Newscast Media LONDON—Amnesty International has written to the African Union
Summit discouraging the granting of immunity to African heads of state who have
committed genocide, war crimes and crimes against humanity. Amnesty argues that
such a move will completely undermine the integrity of the African Court of Justice
and Human Rights, even before it becomes operational.
In an open letter Amnesty International called on African Union (AU) heads of state
and government meeting in Equatorial Guinea this week not to adopt a proposed
amendment which would grant immunity from prosecution to sitting government
leaders and senior officials in the African Court of Justice and Human Rights.
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Newscast Media NEW YORK—The UN has for the first time accused Syrian rebel
fighters of committing crimes against humanity. The body has also criticized the
government’s use of siege warfare, and blamed the international community for
The United Nations Human Rights Council on Wednesday said several Syrian Islamist
rebel groups had systematically detained and tortured civilians. The rebels’ crimes
against humanity, it said, were carried out in al-Raqqa province against ethnic Kurds.
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Newscast Media The HAGUE, Netherlands — Intervention by the International Criminal Courts (ICC) on behalf of victims that are suffering injustices under oppressive regimes is something that makes the perpetrators, enablers and spin-doctors within police states nervous. The role of the ICC is simply to bring to justice those who commit crimes against humanity.
In the third world, especially in Africa, the ICC has taken a very active role in ensuring that leaders who abuse their power, together with their henchmen do not escape unpunished. What’s remarkable is that even those who give orders that lead to crimes being committed are also held as accountable as the people who commit them. So often people in police states make the excuse, “I was just following orders,” however, that kind of reasoning doesn’t exempt them from prosecution by the ICC.
Take for example on September 28, 2010, the French authorities arrested Mr. Callixte Mbarushimana, suspected of war crimes and crimes against humanity allegedly committed in the Kivus, in the Democratic Republic of the Congo (DRC). Documents from the International Criminal Court indicate that they (the ICC) had reasonable grounds to believe that Callixte Mbarushimana a 47 year old Rwandan citizen, has been since July 2007, the Executive Secretary of the Forces Démocratiques pour la Libération du Rwanda – Forces Combattantes Abacunguzi (FDLR-FCA, hereafter FDLR) and is criminally responsible, under article 25(3)(d) of the Rome Statute, for five counts of crimes against humanity (murder, torture, rape, inhumane acts and persecution) and six counts of war crimes (attacks against the civilian population, destruction of property, murder, torture, rape and inhuman treatment).
The ICC also acknowledged that Mbarushimana’s partners in crime, Thomas Lubanga Dyilo, Germain Katanga and Mathieu Ngudjolo Chui were currently in their custody.
In a statement, the ICC Prosecutor Luis Moreno-Ocampo thanked France for a smooth and efficient operation, and said, “This is a good day for the victims. This is a good day for justice. But there is still a lot to do to break the cycle of impunity in the DRC. Callixte Mbarushimana is in custody. But another commander sought by the ICC for massive crimes, Bosco Ntaganda, is still at large in Goma and his forces roam the Kivus killing and raping. He must be next.”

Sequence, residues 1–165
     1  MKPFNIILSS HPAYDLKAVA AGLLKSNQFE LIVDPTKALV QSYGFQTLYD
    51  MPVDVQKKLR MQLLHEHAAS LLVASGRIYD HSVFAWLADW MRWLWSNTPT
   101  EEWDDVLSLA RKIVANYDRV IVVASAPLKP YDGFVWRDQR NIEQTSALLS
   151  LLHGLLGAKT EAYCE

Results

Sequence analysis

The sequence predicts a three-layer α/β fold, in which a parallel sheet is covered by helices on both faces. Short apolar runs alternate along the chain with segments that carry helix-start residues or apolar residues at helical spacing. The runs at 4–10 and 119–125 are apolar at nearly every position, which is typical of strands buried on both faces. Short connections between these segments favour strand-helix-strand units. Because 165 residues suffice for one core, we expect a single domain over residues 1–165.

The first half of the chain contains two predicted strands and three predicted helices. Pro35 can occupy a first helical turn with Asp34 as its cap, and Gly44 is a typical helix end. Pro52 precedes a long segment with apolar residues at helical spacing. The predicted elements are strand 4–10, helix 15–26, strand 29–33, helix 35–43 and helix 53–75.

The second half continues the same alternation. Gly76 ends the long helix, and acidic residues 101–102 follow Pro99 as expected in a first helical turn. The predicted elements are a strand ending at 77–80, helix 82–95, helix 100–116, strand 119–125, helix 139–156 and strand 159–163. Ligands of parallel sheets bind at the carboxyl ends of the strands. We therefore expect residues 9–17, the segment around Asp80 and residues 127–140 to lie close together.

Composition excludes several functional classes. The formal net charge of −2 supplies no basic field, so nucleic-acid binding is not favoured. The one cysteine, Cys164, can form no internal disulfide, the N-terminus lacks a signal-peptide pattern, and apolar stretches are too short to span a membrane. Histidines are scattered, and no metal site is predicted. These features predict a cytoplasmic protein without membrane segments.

In Kenya, after the civil war that broke out in which over 1,100 people were killed and over 650,000 displaced from their homes in the two-month violence aftermath of the disputed 2007 presidential election, the ICC launched an investigation and over 400 inhabitants sent in applications to the local ICC office saying they were willing to testify through intermediaries, regarding the crimes that were committed against them. After gathering all the pertinent information regarding the crimes committed, several Kenyan politicians and those who planned and financed the post-election violence are now being brought to trial by the ICC in the Hague.
As February 18, inches closer, neighboring Uganda has fears of its own. The police paraded around their convoy of vehicles, as a subliminal message to voters that they will be squashed should any violence erupt on Election Day. The ICC is also closely watching this small nation because it is violence prone, based on the animosity between the current administration of incumbent Yoweri Museveni and the Kingdom of Buganda.
The Baganda believe they are targets after their national monuments the Kasubi tombs were incinerated and three people shot to death in connection with the riots that happened thereafter. On September 11, 2009 the BBC reported that police used live bullets to disperse crowds after the King (Kabaka) of Buganda was denied travel to Kayunga township in his very own kingdom. The Baganda people are some of the most fearless people in the world, who aren’t afraid to stare down a barrel of a gun as shown in the BBC video.
Indeed an international agency like the ICC will have its foot soldiers on the ground on election day February 18, in Uganda, because the resentment toward the current administration by Ugandans who feel oppressed as noted in the WikiLeaks documents, has a high likelihood of generating what happened in Kenya or what is currently happening in Ivory Coast.
The great Roman orator and statesman Cicero, in his book “On The Good Life” on page 158, said, “When you want to help one group of persons, be careful not to offend another. Avoid the mistake, so frequently made, of acting to the detriment of any individual whom it is morally wrong to injure. To do such a thing by accident is careless; to do it deliberately is foolhardy.”